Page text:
Goshen News, Goshen, IN

Local News

November 3, 2012

First Fridays celebrates the art in everyday life

GOSHEN —  The November First Fridays focused on the art of the everyday, according to First Friday’s coordinator Katrina Maust.

From the Art of, well, Fine Art, to the Art of Wellness and the Art of Diversity, staff members of Downtown Goshen Inc. tried their hardest to see the artful in the areas around Goshen, according to Maust.

“We wanted to showcase all the neat things we’re surrounded by,” Maust said. “There’s a lot of good, positive things in Goshen.”

Maust said one of her favorite installments was the decorated bra exhibit in Woldruff’s Footwear and Apparel. The exhibit, brought together by IU Health Goshen Hospital, showcased the winners and voter favorites of the contest to raise awareness of breast cancer, Maust said.

The First Fridays event will carry into today, with events going on downtown from 10 a.m. to 2 p.m., Downtown Goshen Inc. director Gina Leichty said.

“It’s traditionally a two-day event. Usually not as many businesses participate,” Leichty said. “This year, we wanted to encourage as many downtown businesses to showcase how they do things creatively.”

Leichty said some businesses hosted artists, or highlighted their own “artistic” talents, even if they are not traditionally considered art. The Nut Shoppe demonstrated the Art of Chocolate with demonstrations throughout the night.

Pat Hochstedler, mom of shop’s owner and one of the chocolate makers, made chocolate-covered almonds for part of the demonstration time.

“I enjoy when the chocolate turns out well,” Hochstedler said, fingers covered in melted chocolate. “It’s supposed to come out shiny and dry well.”

Another highlight of the November First Fridays was “I Spy the First Fridays Guy,” a hunting game that had Goshen children going location to location on a map for a chance to win prizes. Found Gallery owner Keith Graber Miller said he saw many children participating in the game.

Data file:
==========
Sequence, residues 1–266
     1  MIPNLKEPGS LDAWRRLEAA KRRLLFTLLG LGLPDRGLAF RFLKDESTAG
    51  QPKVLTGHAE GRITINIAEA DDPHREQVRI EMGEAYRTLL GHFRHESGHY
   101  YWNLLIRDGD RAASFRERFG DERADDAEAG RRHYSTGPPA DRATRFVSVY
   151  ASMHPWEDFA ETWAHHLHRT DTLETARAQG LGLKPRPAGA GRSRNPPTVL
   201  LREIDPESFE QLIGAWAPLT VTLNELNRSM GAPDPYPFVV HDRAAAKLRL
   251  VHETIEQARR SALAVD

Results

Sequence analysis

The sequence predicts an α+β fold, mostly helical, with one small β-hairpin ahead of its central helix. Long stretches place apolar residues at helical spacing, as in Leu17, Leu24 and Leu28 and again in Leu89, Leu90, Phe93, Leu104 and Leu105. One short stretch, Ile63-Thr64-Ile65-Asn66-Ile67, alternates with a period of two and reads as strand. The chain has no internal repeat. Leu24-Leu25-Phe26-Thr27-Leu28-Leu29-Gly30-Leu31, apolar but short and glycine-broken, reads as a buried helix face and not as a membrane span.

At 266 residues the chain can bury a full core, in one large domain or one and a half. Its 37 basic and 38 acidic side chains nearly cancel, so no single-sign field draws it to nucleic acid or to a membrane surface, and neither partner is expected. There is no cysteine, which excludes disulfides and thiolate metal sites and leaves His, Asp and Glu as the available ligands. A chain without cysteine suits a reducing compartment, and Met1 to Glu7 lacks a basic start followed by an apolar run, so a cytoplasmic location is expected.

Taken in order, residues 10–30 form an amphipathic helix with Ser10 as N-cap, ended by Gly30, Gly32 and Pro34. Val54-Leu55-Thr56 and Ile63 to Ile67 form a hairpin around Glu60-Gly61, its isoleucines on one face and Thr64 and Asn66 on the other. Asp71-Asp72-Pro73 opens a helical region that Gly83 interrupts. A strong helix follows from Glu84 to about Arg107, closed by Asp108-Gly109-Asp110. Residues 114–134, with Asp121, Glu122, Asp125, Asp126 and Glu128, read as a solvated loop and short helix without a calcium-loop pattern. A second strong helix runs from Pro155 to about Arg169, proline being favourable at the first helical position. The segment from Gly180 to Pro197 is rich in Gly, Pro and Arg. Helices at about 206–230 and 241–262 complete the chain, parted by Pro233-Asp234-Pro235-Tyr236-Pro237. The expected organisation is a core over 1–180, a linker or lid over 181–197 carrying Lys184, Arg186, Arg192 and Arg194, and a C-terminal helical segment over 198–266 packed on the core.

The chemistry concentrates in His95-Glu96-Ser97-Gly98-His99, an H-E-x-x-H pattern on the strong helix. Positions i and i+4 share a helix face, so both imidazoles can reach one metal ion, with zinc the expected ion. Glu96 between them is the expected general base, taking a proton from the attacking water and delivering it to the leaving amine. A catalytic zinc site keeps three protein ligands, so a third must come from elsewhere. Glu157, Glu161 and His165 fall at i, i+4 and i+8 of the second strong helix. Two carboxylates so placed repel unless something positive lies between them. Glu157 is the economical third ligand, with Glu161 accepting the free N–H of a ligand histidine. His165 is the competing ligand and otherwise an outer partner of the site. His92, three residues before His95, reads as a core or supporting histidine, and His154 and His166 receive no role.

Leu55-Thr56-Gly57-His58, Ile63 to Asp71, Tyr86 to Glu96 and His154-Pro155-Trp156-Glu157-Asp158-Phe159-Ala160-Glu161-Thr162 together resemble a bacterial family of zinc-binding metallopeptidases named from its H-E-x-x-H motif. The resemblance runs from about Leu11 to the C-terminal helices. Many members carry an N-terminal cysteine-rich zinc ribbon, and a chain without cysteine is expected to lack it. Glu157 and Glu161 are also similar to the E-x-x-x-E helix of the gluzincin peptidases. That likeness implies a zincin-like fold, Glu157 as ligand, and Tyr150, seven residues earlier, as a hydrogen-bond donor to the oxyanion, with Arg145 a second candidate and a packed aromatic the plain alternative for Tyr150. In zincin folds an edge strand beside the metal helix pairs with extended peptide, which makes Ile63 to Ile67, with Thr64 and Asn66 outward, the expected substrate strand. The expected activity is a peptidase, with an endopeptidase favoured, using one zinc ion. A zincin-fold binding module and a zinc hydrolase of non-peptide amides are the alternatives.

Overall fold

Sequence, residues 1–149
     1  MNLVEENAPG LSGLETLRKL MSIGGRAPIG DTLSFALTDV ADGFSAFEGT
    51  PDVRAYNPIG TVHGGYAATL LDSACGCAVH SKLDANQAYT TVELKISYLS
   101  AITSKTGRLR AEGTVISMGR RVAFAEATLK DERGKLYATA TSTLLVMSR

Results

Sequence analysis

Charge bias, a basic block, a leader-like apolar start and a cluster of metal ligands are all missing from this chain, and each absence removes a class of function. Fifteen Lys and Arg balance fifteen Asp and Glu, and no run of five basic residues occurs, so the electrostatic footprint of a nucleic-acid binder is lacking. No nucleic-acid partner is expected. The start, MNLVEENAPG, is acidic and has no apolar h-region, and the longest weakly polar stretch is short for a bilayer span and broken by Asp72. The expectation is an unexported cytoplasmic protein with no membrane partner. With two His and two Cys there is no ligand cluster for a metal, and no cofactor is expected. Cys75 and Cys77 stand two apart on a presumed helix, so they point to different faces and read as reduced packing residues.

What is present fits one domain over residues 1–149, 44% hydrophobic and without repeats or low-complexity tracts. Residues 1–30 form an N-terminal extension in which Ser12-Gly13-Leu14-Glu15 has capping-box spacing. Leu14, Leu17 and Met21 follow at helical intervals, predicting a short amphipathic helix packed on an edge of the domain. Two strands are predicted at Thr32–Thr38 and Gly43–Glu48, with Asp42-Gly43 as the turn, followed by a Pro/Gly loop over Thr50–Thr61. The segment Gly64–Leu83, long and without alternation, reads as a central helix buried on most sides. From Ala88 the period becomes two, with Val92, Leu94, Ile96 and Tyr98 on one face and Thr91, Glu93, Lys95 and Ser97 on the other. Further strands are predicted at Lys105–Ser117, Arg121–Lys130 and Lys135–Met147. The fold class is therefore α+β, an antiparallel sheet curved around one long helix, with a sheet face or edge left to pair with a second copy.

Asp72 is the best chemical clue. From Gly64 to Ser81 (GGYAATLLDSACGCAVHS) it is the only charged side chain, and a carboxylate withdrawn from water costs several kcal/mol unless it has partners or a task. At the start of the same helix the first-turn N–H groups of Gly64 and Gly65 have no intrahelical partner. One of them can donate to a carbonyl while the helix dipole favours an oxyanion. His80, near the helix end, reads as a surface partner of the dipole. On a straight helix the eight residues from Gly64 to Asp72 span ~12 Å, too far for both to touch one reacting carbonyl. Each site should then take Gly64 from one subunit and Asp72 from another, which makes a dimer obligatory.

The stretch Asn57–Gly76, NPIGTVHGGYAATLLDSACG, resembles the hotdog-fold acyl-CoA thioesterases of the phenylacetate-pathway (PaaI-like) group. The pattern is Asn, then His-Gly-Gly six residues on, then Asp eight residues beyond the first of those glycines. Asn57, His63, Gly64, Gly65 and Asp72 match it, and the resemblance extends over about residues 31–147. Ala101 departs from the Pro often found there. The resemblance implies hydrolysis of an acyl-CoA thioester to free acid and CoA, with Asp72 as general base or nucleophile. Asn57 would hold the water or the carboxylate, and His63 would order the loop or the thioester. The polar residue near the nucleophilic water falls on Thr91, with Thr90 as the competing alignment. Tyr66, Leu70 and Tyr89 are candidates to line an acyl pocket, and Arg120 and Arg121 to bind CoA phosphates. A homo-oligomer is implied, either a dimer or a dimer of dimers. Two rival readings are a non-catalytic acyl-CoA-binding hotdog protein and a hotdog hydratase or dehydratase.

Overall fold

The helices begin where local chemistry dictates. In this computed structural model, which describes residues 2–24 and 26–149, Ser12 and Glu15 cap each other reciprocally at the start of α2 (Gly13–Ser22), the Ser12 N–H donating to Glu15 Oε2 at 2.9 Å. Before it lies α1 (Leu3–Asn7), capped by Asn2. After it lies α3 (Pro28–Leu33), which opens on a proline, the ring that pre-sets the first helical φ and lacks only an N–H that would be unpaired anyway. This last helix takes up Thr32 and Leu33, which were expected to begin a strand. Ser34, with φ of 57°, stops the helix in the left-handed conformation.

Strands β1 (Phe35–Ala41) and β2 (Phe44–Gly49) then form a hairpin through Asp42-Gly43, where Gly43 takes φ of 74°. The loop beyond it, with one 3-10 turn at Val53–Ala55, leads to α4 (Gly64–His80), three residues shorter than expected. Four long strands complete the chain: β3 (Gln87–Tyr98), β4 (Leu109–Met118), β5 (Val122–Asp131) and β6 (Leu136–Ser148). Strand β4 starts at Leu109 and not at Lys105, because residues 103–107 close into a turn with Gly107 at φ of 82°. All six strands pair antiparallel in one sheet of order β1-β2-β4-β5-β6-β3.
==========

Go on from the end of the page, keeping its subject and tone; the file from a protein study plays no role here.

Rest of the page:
“We’ve already seen about 40 kids come by,” Graber Miller said around 6:15 p.m.

Graber Miller said he saw more activity earlier in the evening than in past First Fridays.

“Normally the traffic for us comes in at 6 p.m.,” he said. “Today, we had a crowd at 5:15 p.m.”

Also celebrated was the Art of Diversity through dance performances at the Goshen Theater. Councilwoman Julia Gautsche, who serves as the council’s representation on the Community Relations Commission, said she hoped crowds enjoyed the performances and the space, as well.

“We did the first part of Diversity Day in May with the Taste of Goshen, and now we have the performance piece,” Gautsche said of the event.

Ribbon cutting

Beyond the art celebrations, First Fridays featured the “Party at the Goshen Powerhouse,” a celebration of the recently completed public parking lot near Interra Credit Union and on the site of a remediated brownfield. City Brownfield Coordinator Becky Hershberger, along with help from the Redevelopment Commission, Community Development Department, Interra Credit Union, the city of Goshen and the federal Environmental Protection Agency, saw the vision for this site and led the project to reclaim it from what it once was — a junkyard and old industrial site.

“It’s been a long process, and it’s exciting to see the final project,” Hershberger said as she looked out on the space. “There have been so many pieces to this space... This is the first piece of the millrace developed. We’ve done the clean-up, and I hope the city can see that this is the development they can see — something new. We have the tools now.”

Patricia Polston with the Environmental Protection Agency, said Goshen may prove to be a national example of what can be done with federal grant funds, which helped pay for the project.

“We think Goshen has a great story... This is exactly the process we want. We’re taking lots of pictures today to hopefully showcase Goshen at a national level.”

Polston said she also gives credit to Goshen residents when it comes to development like this.

“Goshen is a wonderful community,” she said. “I’ve been up here for public meetings, and it was neat to see Goshen residents come to these meetings with ideas, opinions and discussions. It’s what you hope you get in a community.”

Goshen Mayor Allan Kauffman thought back on his years in Goshen before he was mayor when he addressed the crowd at the parking lot’s ribbon cutting.

“To know really how incredible this is, you have to be as old as me and have lived in Goshen as long as I have,” he said.

He gave credit to many involved in the project, from the EPA and the Goshen Chambers to several city departments and staff members.

“All of this stuff counts toward building our quality of place,” he said. “Great things happen when you have great people doing great work.”

 

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Three Goshen elementary schools — Chandler, Chamberlain and West Goshen — are providing free meals to all students during the school year as part of the U.S. Department of Agriculture’s Community Eligibility Provision of the Healthy Hunger-Free Kids Act of 2010. Nearly 80 percent of students at Chandler, 89 percent of students at Chamberlain and 78 percent of students at West Goshen already qualify for free or reduced-price lunches based on their family income. How do you feel about the new lunch program?

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